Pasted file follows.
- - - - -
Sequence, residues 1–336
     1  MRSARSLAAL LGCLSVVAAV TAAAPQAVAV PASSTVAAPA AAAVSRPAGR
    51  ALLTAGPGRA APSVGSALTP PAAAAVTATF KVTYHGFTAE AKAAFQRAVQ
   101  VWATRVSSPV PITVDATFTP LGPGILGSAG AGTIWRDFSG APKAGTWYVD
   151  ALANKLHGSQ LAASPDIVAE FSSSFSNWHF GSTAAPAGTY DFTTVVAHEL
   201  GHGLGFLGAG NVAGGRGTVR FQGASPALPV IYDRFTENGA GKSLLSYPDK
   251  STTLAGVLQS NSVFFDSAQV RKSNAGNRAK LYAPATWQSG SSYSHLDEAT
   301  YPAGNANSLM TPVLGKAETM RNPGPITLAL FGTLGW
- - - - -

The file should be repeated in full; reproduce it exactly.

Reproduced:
Sequence, residues 1–336
     1  MRSARSLAAL LGCLSVVAAV TAAAPQAVAV PASSTVAAPA AAAVSRPAGR
    51  ALLTAGPGRA APSVGSALTP PAAAAVTATF KVTYHGFTAE AKAAFQRAVQ
   101  VWATRVSSPV PITVDATFTP LGPGILGSAG AGTIWRDFSG APKAGTWYVD
   151  ALANKLHGSQ LAASPDIVAE FSSSFSNWHF GSTAAPAGTY DFTTVVAHEL
   201  GHGLGFLGAG NVAGGRGTVR FQGASPALPV IYDRFTENGA GKSLLSYPDK
   251  STTLAGVLQS NSVFFDSAQV RKSNAGNRAK LYAPATWQSG SSYSHLDEAT
   301  YPAGNANSLM TPVLGKAETM RNPGPITLAL FGTLGW